• It's amazing what a difference the right weight class can make.  After a wayward experiment at welterweight (motivated at least in part by an aversion to cutting weight), Nate Diaz looked fantastic in his return to 155 as he avenged his brother's THC NC against Takanori Gomi.  After showing a flash of the old Fireball Kid by knocking out Tyson Griffin, Gomi reverted to his Fireball Thirtysomething ways, even getting outwrestled by Nick Diaz's little brother.  I think that ship has sailed, JMMA fans.
  • Ok, now for the heavyweight fights that everyone hated.  I actually didn't think Rob Broughton looked that terrible.  Is he as good as Travis Browne?  No, and that should have been clear to everyone as soon as Browne held his own against de facto gatekeeper Cheick Kongo en route to a draw.  However, Broughton was tough enough to make it long and ugly, and crafty enough on the ground to escape Browne's full mount twice (and other crappy positions on other occasions).  I don't think he's terrible, at all.
  • I get to rank Mark Hunt on my ballot this month!  In 2011!  That's amazing!  I don't, for the live of me, know why Ben Rothwell didn't employ the "shoot, sit and stay" game plan that worked so swimmingly against Gilbert Yvel - he got the take down when he wanted it - but I think I can speak for everyone at HKL when I say I'm glad he didn't.  Via MiddleEasy's Twitter account: "Mark Hunt's record in the UFC is better than Fedor's record in Strikeforce."  I look forward to Ben Rothwell's next "I'm better than ever" speech.
  • Matt Hughes said the perfect things after his fight.  To paraphrase, he'll take a fight that is interesting, competitive and lucrative, but he's done competing for a title in the welterweight division.  That's perfectly OK, and the UFC has the leeway, legitimacy and leverage to make room on cards for "legacy fights" or "cool shit" or whatever you'd like to call what Matt Hughes does next.  Koscheck is Koscheck and is merely biding time at that weight class, since he's 0-2 vs the champ and no one wants to see that fight again ever - particularly Josh Koscheck's left eye, but to be fair, it didn't have to see most of the second fight anyway.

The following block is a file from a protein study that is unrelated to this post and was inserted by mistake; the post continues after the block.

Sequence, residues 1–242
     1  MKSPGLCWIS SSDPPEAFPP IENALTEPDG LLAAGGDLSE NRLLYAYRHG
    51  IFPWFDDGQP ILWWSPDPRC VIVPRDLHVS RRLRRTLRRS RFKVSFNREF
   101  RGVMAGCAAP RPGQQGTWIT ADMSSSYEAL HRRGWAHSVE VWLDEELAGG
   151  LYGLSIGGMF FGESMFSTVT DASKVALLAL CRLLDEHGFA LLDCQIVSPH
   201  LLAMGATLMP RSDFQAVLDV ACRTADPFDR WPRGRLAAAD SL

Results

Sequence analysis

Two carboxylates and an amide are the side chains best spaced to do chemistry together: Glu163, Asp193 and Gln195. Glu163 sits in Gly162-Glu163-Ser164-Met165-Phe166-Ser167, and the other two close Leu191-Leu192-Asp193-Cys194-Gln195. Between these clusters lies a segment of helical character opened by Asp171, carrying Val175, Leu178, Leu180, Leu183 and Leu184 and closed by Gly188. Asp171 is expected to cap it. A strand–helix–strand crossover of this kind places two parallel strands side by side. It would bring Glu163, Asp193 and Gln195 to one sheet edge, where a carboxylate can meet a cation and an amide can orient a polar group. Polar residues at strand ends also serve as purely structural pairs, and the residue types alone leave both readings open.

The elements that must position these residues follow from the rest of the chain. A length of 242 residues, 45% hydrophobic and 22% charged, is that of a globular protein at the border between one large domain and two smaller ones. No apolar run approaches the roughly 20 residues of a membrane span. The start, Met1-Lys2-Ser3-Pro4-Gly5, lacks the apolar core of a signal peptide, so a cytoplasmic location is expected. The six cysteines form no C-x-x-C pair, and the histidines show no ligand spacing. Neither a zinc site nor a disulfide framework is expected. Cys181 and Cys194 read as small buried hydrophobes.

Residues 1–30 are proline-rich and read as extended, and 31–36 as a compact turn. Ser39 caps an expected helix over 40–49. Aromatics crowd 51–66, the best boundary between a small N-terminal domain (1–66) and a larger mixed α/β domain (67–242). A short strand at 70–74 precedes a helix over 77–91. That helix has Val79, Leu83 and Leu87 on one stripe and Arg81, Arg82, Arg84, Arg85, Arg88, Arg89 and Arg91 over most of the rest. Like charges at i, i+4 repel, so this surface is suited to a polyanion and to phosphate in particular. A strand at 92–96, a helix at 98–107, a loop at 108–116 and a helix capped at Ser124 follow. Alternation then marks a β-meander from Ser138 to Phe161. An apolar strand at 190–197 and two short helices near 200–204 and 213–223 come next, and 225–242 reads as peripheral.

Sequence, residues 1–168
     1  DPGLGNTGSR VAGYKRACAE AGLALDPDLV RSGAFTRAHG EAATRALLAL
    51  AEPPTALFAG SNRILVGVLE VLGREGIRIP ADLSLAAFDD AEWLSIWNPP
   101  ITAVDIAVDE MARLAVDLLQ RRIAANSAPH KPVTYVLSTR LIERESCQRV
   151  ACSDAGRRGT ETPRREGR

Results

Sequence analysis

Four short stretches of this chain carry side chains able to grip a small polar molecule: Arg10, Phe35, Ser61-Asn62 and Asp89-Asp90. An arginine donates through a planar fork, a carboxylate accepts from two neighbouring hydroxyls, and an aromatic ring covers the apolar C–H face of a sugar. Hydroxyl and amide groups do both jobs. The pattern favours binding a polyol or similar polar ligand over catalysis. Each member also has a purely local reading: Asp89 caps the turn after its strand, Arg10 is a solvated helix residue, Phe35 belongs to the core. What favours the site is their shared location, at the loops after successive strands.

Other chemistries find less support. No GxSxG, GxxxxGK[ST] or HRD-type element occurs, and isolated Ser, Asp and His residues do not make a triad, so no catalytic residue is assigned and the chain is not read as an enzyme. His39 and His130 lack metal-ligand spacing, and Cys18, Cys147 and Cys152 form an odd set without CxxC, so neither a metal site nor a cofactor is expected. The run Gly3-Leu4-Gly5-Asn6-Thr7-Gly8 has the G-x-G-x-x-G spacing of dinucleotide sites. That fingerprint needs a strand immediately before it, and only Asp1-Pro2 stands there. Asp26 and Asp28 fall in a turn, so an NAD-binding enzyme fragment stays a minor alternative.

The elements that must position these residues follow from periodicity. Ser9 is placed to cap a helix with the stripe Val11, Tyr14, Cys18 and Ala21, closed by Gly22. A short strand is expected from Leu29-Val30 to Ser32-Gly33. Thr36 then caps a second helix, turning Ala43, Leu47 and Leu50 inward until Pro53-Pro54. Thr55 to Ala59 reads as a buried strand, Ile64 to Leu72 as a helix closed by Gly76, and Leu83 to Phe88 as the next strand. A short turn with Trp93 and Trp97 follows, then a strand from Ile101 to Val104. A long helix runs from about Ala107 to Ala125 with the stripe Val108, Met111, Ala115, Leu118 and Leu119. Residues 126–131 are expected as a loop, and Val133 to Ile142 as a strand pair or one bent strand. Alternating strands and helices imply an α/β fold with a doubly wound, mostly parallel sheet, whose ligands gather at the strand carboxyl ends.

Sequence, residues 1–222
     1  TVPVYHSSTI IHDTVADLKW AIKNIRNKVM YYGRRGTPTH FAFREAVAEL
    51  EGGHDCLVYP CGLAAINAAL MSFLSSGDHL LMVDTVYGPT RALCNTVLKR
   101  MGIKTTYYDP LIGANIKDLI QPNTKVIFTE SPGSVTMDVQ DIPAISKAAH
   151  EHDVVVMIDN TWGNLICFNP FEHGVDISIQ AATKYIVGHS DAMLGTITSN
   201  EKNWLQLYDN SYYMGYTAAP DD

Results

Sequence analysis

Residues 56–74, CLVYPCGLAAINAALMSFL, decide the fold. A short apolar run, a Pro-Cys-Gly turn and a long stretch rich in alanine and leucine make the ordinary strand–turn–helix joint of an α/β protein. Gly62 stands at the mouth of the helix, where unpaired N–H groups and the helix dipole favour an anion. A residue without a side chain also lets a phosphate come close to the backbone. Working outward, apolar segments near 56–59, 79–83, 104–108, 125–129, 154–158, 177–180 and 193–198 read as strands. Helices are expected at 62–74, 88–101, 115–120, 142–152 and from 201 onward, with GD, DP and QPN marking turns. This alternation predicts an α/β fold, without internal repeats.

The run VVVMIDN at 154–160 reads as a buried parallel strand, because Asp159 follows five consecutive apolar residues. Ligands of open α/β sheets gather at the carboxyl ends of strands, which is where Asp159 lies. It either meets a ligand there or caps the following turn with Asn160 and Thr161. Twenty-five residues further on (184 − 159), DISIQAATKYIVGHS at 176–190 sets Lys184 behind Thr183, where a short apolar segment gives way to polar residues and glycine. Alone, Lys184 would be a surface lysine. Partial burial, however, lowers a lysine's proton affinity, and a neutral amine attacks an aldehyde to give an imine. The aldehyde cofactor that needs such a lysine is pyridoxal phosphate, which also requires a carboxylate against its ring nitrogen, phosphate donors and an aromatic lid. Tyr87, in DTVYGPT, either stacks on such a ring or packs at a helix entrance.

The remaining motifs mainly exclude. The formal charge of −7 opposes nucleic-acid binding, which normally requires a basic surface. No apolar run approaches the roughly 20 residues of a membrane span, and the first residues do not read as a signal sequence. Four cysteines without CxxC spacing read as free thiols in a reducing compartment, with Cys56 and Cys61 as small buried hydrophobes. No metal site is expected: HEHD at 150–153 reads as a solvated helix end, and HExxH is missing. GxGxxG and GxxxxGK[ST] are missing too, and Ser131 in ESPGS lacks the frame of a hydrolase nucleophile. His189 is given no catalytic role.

• Only Internet weirdos hate Jon Jones, and the fact that they make up a larger proportion of a UFC crowd than they do at every other place on Earth at the time doesn't change that fact.  First of all, he's a KID.  He's younger than the know-nothing whippersnappers that write for such MMA blogs as... um... all of them.  He's in the spotlight, making millions, holding the belt, doing the press junkets and - oh yeah - putting on flat-out amazing fights using his phenomenal skills every time out.  Every time he fights, it's against better fights, and every time he fights, he looks better.  In back to back fights, a 23 year old has made Shogun Rua tap to strikes and RNC'ed Rampage Jackson.  I can't stop you from letting his interviews and press conference mannerisms cloud that, but I can sure as hell pity you.

\The FanPosts are solely the subjective opinions of Bloody Elbow readers and do not necessarily reflect the views of Bloody Elbow editors or staff.